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WW2 - The Bombing of Marlow (1)
In the Archaeology In Marlow newsletter of April 2016 there is a very interesting article about strange circles which can be seen on Google Earth at Marlow Rugby Club. As it turns out these are caused by the Club’s sprinkler system, rather than being the remains of ancient settlements or old bomb craters. This revelation came as a bit of a blow for me, for reasons I will come on to!
During the Second World War German bombs were dropped on Marlow on at least two separate occasions, once possibly in anger and once definitely not. The second occasion is very interesting. Some years ago I quite accidently came across an article in the November 1949 Journal of Animal Ecology. Apparently in September 1940 a large quantity of bombs were dropped in a field on the north bank of the River opposite Bisham Church. The story goes that a German bomber was on a raid towards the Midlands, but hit problems and decided to return home early. Bombers would normally carry just enough fuel to return home ‘empty’, but a full bomb load would make it too heavy. So the bomb load was jettisoned just outside Marlow. A survey of the area in the summer of 1945 found 65 bomb craters in the field over an area of around 440 x 125 yards. The purpose of this survey was to see how old bomb craters become population by aquatic wildlife. By September 1945 seven had become just shallow grassy hollows, and 15 had been filled in. The remaining 43 were studied for both plant and animal life. The report’s author expected the craters to disappear over the coming few years, but the outline of some of them can still clearly be seen on Google Earth to this day.
I was curious as to whether the German crew had made a conscious decision not to drop the bombs on the Town, but wait until they were in open country. With this in mind I thought it would be interesting to see if there were any other bomb craters on the other side of the town as well. This is when I first noticed the circles on Marlow's Club’s pitches. The AIM article dashed that idea of course! However, further downstream, in the next three riverside fields after the Rugby Club there is also a large number of strange circles in the ground, again clearly visible on Google Earth. The excellent little book 'Tales of a Riverbank', produced by the Royal Geographical Society and available in the Marlow Museum, confirms that these are also old bomb craters. This makes me wonder whether the bomber started dumping its load before reaching the Town, then stopped whilst flying over Marlow itself, only to continue dumping bombs once clear of the populated area. Enemy bomb crews were not totally devoid of conscience, and a little bit of me hopes they avoided bombing a town which was not within their intended targets.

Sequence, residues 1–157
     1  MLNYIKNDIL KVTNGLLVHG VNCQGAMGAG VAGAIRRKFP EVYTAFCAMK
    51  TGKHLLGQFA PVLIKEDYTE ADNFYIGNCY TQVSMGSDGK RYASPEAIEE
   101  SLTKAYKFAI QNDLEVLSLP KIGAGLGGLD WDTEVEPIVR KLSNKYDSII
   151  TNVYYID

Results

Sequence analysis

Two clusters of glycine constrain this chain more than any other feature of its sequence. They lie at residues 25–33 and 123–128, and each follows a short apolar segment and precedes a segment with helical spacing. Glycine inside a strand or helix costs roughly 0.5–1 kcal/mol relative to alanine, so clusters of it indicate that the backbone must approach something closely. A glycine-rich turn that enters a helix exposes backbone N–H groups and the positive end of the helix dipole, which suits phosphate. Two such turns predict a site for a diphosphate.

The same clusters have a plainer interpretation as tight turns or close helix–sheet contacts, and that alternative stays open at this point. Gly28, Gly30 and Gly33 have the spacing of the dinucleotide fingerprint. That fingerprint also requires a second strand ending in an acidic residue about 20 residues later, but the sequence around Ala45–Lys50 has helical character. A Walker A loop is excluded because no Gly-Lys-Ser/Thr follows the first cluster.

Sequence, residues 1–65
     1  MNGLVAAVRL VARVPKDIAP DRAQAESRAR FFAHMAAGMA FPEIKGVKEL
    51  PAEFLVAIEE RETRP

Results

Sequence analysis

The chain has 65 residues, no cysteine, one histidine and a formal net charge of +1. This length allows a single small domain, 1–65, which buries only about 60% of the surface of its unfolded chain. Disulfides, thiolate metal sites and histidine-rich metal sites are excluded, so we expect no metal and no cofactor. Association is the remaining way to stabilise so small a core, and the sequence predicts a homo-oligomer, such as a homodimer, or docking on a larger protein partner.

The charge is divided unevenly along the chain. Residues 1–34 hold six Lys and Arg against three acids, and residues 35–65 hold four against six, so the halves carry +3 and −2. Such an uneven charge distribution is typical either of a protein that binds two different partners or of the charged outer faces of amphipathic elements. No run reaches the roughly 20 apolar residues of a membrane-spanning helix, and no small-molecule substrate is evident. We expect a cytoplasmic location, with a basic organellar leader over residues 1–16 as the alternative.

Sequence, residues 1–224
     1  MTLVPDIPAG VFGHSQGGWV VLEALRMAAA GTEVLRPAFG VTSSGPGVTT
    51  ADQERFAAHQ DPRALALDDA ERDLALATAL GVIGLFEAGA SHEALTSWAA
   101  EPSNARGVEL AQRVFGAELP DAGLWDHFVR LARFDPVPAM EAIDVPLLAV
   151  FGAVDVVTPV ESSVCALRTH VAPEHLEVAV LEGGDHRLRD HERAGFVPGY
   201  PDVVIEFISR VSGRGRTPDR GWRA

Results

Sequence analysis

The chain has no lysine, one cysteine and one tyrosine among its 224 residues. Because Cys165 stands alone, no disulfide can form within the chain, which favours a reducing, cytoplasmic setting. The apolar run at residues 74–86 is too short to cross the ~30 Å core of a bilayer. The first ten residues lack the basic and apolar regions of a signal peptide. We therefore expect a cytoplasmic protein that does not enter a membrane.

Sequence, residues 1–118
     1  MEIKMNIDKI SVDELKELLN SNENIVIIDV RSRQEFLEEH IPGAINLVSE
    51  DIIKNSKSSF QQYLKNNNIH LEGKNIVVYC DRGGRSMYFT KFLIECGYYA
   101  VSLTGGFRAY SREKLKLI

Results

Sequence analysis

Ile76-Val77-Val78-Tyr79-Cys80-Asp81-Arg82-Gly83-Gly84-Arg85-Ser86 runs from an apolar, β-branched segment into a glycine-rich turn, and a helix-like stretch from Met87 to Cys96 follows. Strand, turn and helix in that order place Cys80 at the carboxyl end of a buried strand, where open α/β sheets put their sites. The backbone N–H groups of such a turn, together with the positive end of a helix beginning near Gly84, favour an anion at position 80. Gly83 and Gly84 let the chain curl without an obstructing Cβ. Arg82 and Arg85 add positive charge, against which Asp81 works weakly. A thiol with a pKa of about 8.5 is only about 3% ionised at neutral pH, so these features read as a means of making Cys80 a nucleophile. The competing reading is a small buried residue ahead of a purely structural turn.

The other occasion when bombs were dropped, again possibly not so much in anger as self preservation, was when a group of German bombers was intercepted by Hurricanes and Spitfires over Marlow, also in 1940. This is recorded by an eye witness under the BBC’s WW2 People's War initiative. Under attack the bombers dropped their load in a line from what is now Terrington Hill, through Highfield Park and Pound Lane down to the river. It is likely the bombers dropped their load more for self preservation than any specific malice against Marlow; a bomber full of bombs could explode catastrophically if hit. However one Marlovian was killed in the 'attack', a Mr Ryan who had an electrical shop on the High Street. I also know that Hitler had a list of locations which he insisted were not bombed, as he was looking forward to occupying a country with some lovely old towns and cities; whether Marlow was on this list, I don’t know…but our beautiful town certainly should have been!
I have looked for any surviving evidence of this event, but most of the area concerned has since been built over and any evidence obliterated. There are some very faint circles towards the southern end of Higginson Park, but these are not clear enough to be conclusive.
However, both episodes present an enigma. Why were the bombers in both cases flying south with full bomb loads when we might have expected them to be flying north west towards the Midlands, Birmingham, Manchester or Liverpool, and only flying south once rid of their deadly load? Or had they entered UK airspace over the East Anglian coast and were taking a large circle before heading for London? It remains a bit of a mystery. If anyone can shed light on this I’d love to learn more.
For interest the two episodes can be further explored on these two web sites:
Keith Ray - Aug 2017